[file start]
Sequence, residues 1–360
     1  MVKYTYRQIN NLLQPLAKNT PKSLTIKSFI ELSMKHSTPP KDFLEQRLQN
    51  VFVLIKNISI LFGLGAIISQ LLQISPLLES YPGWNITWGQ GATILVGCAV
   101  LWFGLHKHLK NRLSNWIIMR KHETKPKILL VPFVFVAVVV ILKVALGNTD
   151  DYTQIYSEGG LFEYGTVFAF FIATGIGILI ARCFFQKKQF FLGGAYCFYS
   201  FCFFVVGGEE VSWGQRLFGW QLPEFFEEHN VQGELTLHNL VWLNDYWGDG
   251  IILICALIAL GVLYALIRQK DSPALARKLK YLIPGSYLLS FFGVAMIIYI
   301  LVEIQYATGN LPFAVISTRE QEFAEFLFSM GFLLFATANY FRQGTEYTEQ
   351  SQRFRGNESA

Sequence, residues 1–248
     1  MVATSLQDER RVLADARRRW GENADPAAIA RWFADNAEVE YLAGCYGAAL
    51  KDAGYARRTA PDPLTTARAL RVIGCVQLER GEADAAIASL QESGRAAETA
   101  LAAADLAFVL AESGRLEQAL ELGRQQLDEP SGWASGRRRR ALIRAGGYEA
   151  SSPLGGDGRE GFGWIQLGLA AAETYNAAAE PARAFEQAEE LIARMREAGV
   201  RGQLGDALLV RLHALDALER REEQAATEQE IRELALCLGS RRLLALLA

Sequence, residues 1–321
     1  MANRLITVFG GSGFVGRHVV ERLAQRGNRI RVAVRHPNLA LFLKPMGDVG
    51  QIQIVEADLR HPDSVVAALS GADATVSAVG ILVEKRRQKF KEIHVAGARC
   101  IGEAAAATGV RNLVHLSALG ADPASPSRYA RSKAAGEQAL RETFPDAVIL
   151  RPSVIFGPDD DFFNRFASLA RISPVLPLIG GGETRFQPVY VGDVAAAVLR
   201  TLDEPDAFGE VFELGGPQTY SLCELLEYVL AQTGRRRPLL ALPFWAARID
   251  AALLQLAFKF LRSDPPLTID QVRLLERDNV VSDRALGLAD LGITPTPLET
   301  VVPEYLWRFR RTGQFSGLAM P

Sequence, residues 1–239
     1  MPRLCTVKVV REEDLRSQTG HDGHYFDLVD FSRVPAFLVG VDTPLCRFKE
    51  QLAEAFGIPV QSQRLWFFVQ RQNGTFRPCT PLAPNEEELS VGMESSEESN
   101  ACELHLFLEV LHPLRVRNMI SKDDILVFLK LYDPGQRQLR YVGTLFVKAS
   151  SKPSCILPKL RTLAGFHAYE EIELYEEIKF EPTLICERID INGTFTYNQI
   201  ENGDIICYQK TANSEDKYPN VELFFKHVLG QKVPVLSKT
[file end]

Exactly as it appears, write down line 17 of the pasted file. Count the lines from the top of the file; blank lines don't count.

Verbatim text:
     1  MANRLITVFG GSGFVGRHVV ERLAQRGNRI RVAVRHPNLA LFLKPMGDVG